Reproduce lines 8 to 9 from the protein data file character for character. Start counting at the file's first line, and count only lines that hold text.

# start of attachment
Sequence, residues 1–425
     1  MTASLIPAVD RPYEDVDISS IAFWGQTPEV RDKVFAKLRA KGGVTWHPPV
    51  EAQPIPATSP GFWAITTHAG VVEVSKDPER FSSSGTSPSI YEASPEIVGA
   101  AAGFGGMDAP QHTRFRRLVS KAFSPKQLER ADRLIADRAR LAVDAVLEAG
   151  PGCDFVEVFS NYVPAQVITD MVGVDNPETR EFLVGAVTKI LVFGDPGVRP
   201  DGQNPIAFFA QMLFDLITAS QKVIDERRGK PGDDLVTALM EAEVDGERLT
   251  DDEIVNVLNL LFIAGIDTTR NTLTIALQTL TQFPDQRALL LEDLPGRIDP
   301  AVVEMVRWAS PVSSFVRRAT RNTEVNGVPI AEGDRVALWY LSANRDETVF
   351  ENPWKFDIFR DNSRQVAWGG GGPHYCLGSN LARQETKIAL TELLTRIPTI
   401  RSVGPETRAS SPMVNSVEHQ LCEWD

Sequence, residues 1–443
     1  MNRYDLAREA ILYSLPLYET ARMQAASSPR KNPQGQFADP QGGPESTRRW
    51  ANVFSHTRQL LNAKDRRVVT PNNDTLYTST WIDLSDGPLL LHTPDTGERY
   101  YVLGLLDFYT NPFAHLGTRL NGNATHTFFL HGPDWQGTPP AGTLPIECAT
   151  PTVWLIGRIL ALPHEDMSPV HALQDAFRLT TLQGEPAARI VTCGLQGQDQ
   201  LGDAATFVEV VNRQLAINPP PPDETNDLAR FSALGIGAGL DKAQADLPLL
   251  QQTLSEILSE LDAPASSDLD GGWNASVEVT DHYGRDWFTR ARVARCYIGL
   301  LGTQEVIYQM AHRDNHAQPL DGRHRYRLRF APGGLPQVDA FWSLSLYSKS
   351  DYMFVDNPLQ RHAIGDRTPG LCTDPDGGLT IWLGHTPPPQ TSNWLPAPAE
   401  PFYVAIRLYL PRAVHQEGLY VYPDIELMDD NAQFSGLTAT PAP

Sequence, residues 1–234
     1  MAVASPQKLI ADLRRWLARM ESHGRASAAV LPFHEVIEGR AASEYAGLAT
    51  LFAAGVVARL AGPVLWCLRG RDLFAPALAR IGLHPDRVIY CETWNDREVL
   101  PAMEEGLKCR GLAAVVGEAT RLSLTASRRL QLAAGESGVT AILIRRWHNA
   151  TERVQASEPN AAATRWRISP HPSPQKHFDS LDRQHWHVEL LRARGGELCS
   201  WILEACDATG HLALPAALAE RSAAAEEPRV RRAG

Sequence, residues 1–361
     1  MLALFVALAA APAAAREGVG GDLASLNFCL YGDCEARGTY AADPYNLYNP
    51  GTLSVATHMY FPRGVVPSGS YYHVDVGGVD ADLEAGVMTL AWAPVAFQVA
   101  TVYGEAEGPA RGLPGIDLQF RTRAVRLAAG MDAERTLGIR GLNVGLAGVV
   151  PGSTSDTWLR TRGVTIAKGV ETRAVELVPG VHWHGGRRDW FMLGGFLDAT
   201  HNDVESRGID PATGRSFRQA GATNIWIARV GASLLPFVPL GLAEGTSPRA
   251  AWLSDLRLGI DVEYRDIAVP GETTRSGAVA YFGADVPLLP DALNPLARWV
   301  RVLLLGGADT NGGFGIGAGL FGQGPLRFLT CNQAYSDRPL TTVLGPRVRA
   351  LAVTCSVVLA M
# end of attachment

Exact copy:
   301  AVVEMVRWAS PVSSFVRRAT RNTEVNGVPI AEGDRVALWY LSANRDETVF
   351  ENPWKFDIFR DNSRQVAWGG GGPHYCLGSN LARQETKIAL TELLTRIPTI